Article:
The REST API can be tested using the curl command in the terminal which shows all documents where storeLocation is London.
The next aggregation pipeline that we have defined with the rest API is to group all documents according to storeLocation and then calculate the total sales and the average satisfaction based on the matchValue. This stage makes use of the GroupOperation to perform the evaluation.
The REST API call would look like below:
Total sales and the average satisfaction for storeLocation as "Denver"
The next REST API is an extension that will streamline the above aggregation. In this case, we will be calculating the total sales for each store location. Therefore, you do not need to specify the store location and directly get the value for all the locations.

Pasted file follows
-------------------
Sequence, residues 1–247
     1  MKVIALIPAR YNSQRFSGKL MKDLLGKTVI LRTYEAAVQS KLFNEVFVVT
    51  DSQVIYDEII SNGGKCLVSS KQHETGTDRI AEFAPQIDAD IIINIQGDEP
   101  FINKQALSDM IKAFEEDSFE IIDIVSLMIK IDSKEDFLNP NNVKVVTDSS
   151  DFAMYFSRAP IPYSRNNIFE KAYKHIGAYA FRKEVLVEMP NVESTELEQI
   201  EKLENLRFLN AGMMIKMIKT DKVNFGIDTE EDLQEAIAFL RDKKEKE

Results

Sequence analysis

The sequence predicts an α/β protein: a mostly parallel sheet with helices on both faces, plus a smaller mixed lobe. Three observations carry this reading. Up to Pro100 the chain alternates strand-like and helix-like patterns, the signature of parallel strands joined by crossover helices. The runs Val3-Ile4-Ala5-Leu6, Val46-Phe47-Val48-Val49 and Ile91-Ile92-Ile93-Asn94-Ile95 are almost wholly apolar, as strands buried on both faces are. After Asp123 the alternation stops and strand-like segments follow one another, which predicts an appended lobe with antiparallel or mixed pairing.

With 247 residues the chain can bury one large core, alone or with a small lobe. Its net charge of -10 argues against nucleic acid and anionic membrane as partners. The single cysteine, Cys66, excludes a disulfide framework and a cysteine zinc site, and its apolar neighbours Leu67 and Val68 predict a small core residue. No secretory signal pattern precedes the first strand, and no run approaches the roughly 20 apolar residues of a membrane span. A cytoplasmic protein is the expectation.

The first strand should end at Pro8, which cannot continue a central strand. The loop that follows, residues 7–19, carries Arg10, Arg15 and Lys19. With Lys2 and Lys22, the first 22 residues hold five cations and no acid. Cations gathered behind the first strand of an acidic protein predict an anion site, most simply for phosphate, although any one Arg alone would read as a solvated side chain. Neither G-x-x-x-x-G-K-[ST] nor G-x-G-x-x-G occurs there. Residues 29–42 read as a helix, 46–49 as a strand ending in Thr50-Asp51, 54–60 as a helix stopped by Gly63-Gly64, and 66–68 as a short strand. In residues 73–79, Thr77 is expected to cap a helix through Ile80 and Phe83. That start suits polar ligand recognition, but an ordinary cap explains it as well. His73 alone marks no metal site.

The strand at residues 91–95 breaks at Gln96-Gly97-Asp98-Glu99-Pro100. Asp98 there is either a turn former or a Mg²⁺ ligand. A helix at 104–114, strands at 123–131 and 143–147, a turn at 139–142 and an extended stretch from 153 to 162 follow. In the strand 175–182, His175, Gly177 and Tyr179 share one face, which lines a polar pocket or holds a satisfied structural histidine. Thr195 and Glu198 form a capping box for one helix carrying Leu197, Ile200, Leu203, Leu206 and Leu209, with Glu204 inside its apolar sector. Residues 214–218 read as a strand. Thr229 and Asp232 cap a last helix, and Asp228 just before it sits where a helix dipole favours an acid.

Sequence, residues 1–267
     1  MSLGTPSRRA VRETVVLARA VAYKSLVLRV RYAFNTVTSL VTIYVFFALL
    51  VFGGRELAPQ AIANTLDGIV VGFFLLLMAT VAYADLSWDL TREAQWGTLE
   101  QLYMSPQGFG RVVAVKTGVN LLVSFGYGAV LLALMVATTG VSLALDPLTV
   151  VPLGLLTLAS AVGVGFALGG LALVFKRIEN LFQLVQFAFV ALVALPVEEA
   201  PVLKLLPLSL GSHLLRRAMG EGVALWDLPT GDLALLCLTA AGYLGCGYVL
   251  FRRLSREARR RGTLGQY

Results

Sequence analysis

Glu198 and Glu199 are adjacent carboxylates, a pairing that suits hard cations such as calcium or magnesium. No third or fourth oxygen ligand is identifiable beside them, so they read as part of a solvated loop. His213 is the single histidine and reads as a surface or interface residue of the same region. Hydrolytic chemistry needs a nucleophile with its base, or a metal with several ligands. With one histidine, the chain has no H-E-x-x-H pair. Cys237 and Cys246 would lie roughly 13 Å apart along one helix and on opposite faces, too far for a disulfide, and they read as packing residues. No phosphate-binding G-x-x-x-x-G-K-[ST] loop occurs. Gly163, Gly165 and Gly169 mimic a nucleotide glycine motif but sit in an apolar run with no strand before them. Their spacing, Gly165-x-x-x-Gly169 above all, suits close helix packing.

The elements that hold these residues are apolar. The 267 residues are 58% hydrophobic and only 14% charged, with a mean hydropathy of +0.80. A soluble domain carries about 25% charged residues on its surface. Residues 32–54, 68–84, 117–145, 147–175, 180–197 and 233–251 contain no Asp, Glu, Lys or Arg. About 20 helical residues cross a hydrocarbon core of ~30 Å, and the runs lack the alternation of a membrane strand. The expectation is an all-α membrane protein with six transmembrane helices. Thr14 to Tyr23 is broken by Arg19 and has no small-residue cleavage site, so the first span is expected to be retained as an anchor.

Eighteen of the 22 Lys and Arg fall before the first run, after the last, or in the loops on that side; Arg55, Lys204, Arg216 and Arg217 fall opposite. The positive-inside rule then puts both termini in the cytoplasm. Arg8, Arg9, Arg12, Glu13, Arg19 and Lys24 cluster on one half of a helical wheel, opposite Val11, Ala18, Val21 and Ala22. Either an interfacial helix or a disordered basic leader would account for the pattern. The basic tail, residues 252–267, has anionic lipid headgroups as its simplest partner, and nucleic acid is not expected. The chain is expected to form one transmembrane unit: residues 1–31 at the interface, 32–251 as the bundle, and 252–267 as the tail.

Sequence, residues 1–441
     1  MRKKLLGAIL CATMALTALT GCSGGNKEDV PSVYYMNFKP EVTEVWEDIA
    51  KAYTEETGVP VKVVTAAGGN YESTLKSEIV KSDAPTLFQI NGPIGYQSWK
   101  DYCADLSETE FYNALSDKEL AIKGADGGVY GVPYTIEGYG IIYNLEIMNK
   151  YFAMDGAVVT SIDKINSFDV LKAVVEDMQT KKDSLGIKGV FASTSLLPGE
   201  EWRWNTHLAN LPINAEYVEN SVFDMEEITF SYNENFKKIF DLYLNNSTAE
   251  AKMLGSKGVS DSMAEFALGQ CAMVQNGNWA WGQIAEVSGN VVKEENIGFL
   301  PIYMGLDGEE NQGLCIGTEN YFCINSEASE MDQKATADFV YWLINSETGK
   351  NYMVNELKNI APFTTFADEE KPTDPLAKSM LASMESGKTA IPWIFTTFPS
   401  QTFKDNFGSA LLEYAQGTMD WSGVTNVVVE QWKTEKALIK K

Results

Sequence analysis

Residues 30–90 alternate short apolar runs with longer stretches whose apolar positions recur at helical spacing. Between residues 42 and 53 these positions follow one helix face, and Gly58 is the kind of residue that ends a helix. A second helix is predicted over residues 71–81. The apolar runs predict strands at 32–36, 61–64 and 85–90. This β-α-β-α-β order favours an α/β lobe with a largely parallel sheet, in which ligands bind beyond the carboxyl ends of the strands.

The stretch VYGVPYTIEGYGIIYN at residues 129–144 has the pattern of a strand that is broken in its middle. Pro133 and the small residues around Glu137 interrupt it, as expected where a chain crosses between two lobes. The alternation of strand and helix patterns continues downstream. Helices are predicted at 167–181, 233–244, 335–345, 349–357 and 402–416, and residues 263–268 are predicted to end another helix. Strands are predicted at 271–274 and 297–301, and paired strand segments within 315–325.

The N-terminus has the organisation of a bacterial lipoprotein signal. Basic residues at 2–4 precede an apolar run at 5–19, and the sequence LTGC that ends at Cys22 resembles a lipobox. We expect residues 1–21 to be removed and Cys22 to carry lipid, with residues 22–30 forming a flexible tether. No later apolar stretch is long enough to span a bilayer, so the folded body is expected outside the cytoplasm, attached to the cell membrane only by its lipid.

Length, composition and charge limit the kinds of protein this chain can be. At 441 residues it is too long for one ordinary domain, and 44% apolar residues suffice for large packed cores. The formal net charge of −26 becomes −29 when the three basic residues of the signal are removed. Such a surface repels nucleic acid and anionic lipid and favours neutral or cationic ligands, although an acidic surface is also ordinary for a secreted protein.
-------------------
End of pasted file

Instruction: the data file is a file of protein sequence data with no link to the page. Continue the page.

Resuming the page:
And the REST API calls look like below:
Total Sales for each store Location
The next API makes use of $sort and $limit operations to calculate the top 5 items sold in each category.
top 5 items sold in each category
The last API mentioned makes use of the $bucket to create buckets and then calculates the count and total amount spent within each bucket.
calculates the count and total amount spent within each bucket

Conclusion

This tutorial provides a comprehensive overview of aggregations in MongoDB and how to implement them in a Spring Boot application. We have learned about the significance of aggregation queries for performing complex calculations on data sets, leveraging MongoDB's aggregation pipeline to streamline this process effectively.
As you continue to experiment and apply these concepts in your applications, feel free to reach out on our MongoDB community forums. Remember to explore further resources in the MongoDB Developer Center and documentation to deepen your understanding and refine your skills in working with MongoDB aggregations.